The economics of wide-area wifi -- like the technology -- has yet to shake out.
Neither one is yet stable or mature.
Perhaps a newish technology, 802.16 (metropolitan area networks, also called WiMax) will win in the end... but don't bet on it. Don't bet on anything just yet!
According to this article, "True wireless metro area networks remain the holy grail of the wireless industry." The solution will be a combination of cellular, wifi, and wimax -- a kind of cellular LAN, which is what the sflan people have been doing.
What business opportunities does wifi offer? Who knows? It's changing so fast! All you can do is hold your nose and jump. The shakeout is really happening; spectacular failures like Cometa and Toshiba reveal that wifi revenue will not come from the end user. Rather, it is a retail amenity, given away to sell more coffee, ice cream, hotel rooms, apartment rentals, and trailer park spaces. The revenue comes from housing, restaurant and hospitality vertical markets. The key is to add value, provide real service, and be scalable.
So that's my strategy. Stay tuned.
"...an experimental wireless community network in San Francisco.
We aim to build a wireless network with LAN characteristics on a metropolitan scale."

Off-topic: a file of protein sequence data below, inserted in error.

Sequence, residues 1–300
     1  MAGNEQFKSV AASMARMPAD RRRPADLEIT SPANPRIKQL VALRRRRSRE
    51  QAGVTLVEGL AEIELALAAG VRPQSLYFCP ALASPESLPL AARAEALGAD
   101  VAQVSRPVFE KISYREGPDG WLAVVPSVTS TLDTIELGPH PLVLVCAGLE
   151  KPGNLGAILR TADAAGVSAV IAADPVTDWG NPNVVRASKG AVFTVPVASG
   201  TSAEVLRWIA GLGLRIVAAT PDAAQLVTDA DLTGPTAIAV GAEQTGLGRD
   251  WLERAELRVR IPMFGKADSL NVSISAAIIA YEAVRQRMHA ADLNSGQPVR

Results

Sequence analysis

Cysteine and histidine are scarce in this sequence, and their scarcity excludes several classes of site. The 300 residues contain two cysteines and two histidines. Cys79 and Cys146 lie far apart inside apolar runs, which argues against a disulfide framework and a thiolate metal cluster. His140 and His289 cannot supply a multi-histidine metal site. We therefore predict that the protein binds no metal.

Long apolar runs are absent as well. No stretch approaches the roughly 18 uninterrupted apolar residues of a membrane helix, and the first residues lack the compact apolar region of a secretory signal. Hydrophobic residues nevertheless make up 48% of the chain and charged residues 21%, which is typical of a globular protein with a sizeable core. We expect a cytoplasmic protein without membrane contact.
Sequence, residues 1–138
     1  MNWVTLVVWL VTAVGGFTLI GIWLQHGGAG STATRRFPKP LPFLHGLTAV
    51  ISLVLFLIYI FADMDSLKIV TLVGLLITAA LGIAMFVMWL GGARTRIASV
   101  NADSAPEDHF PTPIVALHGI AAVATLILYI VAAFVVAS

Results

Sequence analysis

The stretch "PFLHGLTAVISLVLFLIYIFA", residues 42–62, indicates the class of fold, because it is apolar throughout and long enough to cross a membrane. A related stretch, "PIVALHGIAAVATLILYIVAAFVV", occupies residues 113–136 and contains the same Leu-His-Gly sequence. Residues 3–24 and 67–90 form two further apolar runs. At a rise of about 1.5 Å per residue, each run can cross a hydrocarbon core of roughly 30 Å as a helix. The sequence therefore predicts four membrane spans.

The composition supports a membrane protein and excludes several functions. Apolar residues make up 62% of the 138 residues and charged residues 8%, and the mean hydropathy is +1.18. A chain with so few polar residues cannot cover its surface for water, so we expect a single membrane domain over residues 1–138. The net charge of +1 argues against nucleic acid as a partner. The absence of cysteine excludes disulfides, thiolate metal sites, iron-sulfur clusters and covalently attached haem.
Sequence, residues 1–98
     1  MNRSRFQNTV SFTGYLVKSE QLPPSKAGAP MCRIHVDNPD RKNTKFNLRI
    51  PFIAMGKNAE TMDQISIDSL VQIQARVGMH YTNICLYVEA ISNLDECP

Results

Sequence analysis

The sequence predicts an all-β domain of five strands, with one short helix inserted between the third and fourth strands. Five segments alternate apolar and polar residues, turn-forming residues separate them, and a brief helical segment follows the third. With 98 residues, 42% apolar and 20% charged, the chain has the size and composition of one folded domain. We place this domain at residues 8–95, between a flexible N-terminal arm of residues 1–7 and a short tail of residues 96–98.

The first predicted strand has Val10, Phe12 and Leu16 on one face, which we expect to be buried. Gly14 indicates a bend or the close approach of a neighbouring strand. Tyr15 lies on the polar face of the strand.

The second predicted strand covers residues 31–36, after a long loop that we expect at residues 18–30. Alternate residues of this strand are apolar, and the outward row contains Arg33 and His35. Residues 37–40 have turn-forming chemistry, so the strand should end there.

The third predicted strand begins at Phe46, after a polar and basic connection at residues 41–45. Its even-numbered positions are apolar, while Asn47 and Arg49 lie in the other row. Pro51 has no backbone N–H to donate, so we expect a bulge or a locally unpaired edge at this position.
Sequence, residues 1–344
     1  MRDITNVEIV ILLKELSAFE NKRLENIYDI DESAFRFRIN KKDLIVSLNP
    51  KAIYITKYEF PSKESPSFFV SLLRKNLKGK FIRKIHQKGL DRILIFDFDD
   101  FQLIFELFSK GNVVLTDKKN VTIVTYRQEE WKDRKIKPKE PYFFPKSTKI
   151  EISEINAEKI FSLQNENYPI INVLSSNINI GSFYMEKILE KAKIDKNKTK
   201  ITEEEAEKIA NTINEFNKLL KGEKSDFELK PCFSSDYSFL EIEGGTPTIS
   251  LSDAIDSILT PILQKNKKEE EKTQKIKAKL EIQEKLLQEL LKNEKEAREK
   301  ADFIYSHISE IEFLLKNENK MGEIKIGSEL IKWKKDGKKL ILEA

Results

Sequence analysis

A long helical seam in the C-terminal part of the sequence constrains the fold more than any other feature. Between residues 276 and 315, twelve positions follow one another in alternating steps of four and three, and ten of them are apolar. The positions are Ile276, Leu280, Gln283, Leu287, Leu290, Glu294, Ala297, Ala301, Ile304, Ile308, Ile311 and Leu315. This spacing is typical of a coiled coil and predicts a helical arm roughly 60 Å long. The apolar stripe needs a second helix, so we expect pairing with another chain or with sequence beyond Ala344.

Extensive coverage has already been achieved (see map)
with fifty nodes in place and more on the way... including sflan50 on
my rooftop in San Francisco's Castro district. We're lighting up Market Street!
Inside that weather-proof box is a Linux machine with a flash memory "disk" and three radios, all powered by PoE (Power-over-Ethernet). We manage it with wdistconfig. Uptime is measured in months.
Here are more pictures. The other guy is techno-visionary Ralf Muehlen. Here he is at the April, 2006 Maker Faire.
San Francisco has had various failed attempts to build a public, city-wide, "free" wifi network. An early effort, spearheaded by Mayor Gavin Newsom, died when the accepted bidders (Google and Earthlink) dropped out. Read about it at Wikipedia: San Francisco Municipal Wireless.
SFLan, too has been a disappointment. It had a modicum of early success but, as Ralf has written:
SFLan, a project of the Internet Archive, constructed an experimental cooperative wireless internet service provider (WISP) that grew to approximately 30 nodes, using an over-the-air backbone relying on line-of-site transmission. Noise level in the ISM bands due to proliferating and competing Wi-Fi signals made many of their long distance links (several miles) nonfuncitonal. The network contracted from 30 functioning nodes in February 2007 down to four by October. They are considering changing their architecture to a fiber and wireless hybrid.
Nonetheless, we like SFLan's approach best:
The point of SFLan is to demonstrate that it is possible to build a third pipe independently of the phone and cable duopoly, with free software and commodity hardware, and without any strings attached. That means a neutral network, with no ads, no censorship, and no restrictions on privacy.
In general, the big issues are:
Here are some resources for people working with wifi:
"Require identification from whomever would use a connection to the Internet. Thus Italy slows adoption of wifi. Which is booming everywhere else in the world."
It goes on to say, "...only Saudi Arabia and China have laws this severe."